baddboygeorge
04-08-2003, 02:19 AM
landscaping architects are great on paper but have no clue on the jobsite . i have argued with them over an over an once they get out to the job an ya show them whats up they get back in there truck with there heads down an go back to there office. when your rite your rite sorry .degrees are great but they damn sure dont beat on the job training !!

promower
04-08-2003, 02:28 AM
A landscape architecture degree will be tough while trying to run a business. I almost obtained an architecture degree and talked with many LA students while going to school. There is a lot of time involved. Its the studio classes that will kill you. Projects that you are given a week to complete can easily exceed 25+ hours. My school was open 24 hours a day to work on projects. I'm not lying or exaggerating when I say I was awake for 47 hours straight (including short breaks, and food breaks) working a single project. Get ready for some tough dog eat dog schooling.

AGLA
04-08-2003, 07:42 AM
If you want to have a landscape contracting business, an LA degree is not the best one to get. It is a specialized degree in land planning with landscape design being a small part of that. It is not designed to make a landscape contractor out of you.

I can not speak for the state or Oregon, but in most states the years of experience that you can apply toward sitting for the exam must be under full time direct supervision of a licensed landscape architect. In many states you need two years of that experience in addition to your degree to sit for the exam. The point is that you can not get that experience if you are owning your own landscape contracting business at the same time.

Being a registered landscape architect is not going to significantly put you ahead of your competition as a landscape contractor. I don't know why someone would want to invest all that time and money in school, in internships, and exams to be an LA if you really want to be a contractor.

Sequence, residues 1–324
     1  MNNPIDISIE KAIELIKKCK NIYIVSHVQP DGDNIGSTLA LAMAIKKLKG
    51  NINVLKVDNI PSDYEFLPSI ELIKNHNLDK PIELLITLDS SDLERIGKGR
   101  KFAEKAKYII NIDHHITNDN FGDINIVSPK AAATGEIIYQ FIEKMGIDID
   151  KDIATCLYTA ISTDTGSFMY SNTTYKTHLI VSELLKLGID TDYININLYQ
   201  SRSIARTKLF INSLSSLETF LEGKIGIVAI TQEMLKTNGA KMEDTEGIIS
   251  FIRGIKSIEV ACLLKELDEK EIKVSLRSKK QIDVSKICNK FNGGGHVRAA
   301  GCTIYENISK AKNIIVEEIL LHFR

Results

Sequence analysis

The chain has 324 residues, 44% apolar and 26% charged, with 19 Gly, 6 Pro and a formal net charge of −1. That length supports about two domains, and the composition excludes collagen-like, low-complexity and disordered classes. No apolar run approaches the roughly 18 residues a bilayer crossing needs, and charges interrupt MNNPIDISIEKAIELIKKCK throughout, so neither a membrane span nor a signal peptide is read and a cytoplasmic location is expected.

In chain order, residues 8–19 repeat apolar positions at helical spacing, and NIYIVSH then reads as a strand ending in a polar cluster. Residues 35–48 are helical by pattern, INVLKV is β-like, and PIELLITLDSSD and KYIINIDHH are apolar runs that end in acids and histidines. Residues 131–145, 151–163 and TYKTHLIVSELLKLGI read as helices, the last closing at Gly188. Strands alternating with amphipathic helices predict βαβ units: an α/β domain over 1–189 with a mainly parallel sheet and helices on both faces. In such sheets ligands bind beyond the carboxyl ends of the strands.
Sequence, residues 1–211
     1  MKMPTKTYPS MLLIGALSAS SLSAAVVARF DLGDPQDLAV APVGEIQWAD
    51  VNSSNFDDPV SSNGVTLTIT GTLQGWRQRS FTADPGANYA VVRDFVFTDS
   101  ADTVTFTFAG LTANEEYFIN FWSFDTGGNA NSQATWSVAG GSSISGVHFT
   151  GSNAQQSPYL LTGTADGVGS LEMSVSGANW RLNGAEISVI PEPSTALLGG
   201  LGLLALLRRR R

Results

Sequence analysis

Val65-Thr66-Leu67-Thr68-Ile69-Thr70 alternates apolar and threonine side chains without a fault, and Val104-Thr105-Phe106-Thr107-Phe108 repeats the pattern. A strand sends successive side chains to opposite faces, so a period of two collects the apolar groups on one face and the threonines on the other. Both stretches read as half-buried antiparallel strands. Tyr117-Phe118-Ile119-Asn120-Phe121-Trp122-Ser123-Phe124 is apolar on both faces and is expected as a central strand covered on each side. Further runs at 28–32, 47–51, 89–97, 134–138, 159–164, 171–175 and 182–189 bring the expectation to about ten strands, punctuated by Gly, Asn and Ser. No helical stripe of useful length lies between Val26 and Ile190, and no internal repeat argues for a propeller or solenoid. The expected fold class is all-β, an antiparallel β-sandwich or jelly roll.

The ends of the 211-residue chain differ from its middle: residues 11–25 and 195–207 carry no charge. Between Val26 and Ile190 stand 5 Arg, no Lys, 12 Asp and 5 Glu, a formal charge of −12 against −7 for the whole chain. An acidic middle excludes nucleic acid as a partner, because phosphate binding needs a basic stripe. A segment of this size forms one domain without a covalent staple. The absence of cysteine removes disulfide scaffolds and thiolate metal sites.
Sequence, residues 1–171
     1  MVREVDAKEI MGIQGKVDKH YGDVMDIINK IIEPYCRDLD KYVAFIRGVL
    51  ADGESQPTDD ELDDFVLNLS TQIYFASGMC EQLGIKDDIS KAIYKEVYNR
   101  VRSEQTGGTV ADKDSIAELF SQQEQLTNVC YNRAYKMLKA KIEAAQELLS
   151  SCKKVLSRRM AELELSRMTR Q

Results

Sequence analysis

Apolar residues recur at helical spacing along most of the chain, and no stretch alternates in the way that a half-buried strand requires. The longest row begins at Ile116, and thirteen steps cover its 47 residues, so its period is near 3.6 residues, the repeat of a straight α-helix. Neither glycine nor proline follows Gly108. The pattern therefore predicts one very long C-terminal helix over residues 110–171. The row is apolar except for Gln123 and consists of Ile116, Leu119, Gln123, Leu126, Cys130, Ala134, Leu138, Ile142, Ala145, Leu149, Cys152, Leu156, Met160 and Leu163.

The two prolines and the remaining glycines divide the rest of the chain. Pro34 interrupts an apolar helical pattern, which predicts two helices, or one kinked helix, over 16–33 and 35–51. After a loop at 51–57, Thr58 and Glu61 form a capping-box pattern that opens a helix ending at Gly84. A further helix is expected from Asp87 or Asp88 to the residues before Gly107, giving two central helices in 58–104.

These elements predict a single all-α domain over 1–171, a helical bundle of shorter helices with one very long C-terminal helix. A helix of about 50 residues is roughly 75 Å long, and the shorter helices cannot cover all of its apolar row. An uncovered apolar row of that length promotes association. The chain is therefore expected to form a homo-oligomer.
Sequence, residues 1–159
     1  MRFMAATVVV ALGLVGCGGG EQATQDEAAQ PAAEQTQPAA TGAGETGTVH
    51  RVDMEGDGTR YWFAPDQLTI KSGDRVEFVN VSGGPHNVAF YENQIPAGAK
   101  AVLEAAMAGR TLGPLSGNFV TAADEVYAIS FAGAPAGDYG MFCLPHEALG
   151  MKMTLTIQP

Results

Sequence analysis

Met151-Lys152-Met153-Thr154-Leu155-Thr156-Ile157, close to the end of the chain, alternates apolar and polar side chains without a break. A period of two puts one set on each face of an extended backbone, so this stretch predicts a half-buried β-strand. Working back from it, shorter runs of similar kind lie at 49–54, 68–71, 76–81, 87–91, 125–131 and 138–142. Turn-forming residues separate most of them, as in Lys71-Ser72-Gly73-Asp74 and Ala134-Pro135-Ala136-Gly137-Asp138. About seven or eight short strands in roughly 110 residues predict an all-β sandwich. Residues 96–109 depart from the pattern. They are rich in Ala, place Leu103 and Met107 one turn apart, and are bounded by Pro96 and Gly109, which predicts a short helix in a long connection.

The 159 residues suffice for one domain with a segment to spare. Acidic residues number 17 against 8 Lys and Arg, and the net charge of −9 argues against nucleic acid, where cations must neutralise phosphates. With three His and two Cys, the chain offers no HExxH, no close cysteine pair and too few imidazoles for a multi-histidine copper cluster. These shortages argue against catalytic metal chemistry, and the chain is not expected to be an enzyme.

Being an LA is a rewarding career and a very diverse field. There are some that are great landscape contractors as well. Many are great landscape designers while many suck.

The LA field has its high end and low end just like any other field. The high end of landscape architecture is not the same as the high end of landscape contracting. Generally speaking, when a small to mid sized landscape contractor is working on a job done by an LA, he is less likely to find a good LA on the project. That is why many of you find that the LA's you run into don't know much.

I am a Registered Landscape Architect that was in the landscape industry for 15 years before I got my degree. I worked in land planning after I got license doing almost no planting plans. It was fun well paid enjoyable work that required the training that I got. It had nothing to do with landscape design as a contractor would recognize it. I am in design/build now. It is the combination of my prior experience and the need for specialized expertise in dealing with environmental laws that give me value in this particular company.

mdvaden makes a good point in that you should get the best training that is applicable to what you want to do. As we can see, most contractors don't know what a landscape architect is - a homeowner sure doesn't. Why would that homeowner hire an LA over an experienced contractor with a portfolio of nice built work?

John Allin
04-08-2003, 08:54 AM
Now there's something you don't see much.... an LA with common sense. I knew there was something I liked about AGLA's posts.....